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World's First Giant Outside Vacuum Cleaner to Filter Dirty Air

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World's First Giant Outside Vacuum Cleaner to Filter Dirty Air

A Dutch tech startup called Envinity Group has unveiled a giant outdoor vacuum cleaner designed to filter the tiniest toxic specks from the atmosphere.

The invention was presented at the Offshore Energy trade fair in Amsterdam on Tuesday.

"It's a large industrial filter about 8 meters (26 feet) long, made of steel ... placed basically on top of buildings and it works like a big vacuum cleaner," company spokesman Henk Boersen told AFP.

The firm describes their invention as the "world's first giant outside air vacuum cleaner," according to AFP.

"A large column of air will pass through the filter and come out clear," Boersen told AFP.

Envinity claims that their prototype can suck in air from a 300-meter radius and about seven kilometers (4 miles) upwards. Citing tests from the Energy Research Centre of the Netherlands, the impressive machine can clean about 800,000 cubic meters (28,000 cubic feet) of air per hour using patented ozone-free ion technology. As a result, the vacuum can filter out 100 percent of fine particles and 95 percent of ultra-fine particles.

As Envinity states, fine particles and ultra-fine particles are indeed extremely harmful to public health, and can be a hindrance to national, regional and local investments and economic progress.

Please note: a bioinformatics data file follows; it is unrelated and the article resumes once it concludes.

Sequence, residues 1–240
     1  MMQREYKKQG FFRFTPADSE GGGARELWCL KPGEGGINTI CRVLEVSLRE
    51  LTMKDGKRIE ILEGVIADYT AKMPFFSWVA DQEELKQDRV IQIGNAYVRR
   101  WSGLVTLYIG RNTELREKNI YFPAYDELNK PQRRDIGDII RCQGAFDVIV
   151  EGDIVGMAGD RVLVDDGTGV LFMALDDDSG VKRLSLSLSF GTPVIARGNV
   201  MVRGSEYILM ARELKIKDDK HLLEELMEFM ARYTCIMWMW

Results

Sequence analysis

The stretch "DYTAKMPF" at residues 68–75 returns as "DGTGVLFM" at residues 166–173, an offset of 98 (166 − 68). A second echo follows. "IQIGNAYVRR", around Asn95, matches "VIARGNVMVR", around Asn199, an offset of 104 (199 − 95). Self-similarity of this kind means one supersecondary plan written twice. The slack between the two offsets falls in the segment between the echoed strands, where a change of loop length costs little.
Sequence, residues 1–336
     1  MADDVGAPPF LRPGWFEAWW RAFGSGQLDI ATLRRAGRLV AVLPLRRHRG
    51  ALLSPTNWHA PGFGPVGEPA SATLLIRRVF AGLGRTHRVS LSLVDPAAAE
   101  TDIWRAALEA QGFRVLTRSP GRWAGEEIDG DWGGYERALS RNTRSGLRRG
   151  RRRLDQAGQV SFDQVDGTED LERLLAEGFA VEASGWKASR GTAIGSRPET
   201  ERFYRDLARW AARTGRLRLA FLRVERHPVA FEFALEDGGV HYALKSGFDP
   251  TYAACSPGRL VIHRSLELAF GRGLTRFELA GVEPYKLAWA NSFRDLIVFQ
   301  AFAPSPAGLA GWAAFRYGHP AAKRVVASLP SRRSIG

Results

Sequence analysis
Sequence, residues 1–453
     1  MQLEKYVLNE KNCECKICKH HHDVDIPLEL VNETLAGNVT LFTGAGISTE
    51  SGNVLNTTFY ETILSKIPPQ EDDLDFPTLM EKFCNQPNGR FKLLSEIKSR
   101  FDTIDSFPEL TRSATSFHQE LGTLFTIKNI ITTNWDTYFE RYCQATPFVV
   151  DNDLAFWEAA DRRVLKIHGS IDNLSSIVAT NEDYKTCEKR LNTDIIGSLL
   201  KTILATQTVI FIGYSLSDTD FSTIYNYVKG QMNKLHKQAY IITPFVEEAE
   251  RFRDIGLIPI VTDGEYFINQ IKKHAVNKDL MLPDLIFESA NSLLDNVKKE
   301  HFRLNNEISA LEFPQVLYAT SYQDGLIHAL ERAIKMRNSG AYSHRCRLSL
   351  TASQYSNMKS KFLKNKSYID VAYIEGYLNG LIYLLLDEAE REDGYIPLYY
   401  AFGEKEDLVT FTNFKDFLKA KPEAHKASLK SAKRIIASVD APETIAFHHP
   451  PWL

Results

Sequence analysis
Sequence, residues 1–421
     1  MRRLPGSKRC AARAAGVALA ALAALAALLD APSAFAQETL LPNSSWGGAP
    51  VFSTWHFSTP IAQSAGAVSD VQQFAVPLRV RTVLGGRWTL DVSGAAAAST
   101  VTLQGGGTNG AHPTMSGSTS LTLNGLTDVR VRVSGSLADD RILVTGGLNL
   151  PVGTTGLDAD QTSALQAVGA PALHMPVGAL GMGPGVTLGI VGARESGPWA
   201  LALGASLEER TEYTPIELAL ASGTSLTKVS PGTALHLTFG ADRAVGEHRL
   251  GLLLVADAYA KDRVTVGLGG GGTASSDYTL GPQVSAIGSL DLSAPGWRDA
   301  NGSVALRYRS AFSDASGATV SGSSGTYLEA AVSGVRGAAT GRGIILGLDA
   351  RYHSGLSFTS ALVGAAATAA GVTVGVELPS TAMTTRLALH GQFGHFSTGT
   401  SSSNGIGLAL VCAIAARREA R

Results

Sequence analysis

"Without really being aware of it, we breathe in small quantities of toxic particles from the surrounding air 24 hours a day. These are responsible for a great many health problems," Envinity notes on its website.

As EcoWatch observed previously, exposure to poor air quality is the world's fourth-leading threat to human health. An International Energy Agency study found that 6.5 million deaths globally are attributed to poor air quality.

According to Envinity, fine particles, or particles smaller than 10 micrometers, are linked to an increased risk of respiratory and cardiovascular health problems. Ultra-fine particles, which are smaller than 0.1 micrometers, have an even greater impact on public health as they can damage the nervous system, including brain cells and also cause infections in the human body.

These toxic particles are the result of man-made pollution. Unregulated and poorly regulated energy production and use, as well as inefficient fuel combustion, are the "most important man-made sources of key air pollutant emissions," the International Energy Agency stated. Eighty-five percent of particulate matter—which can contain acids, metals, soil and dust particles—and almost all sulfur oxides and nitrogen oxides can be linked back to those sources.

Boersen said that governments, businesses and airports have already expressed interest in the project.

"It might be a cliché, but we hope that we will be able to leave the world a better place than when we found it," Envinity Group co-founder Simon van der Burg told Dutch News.

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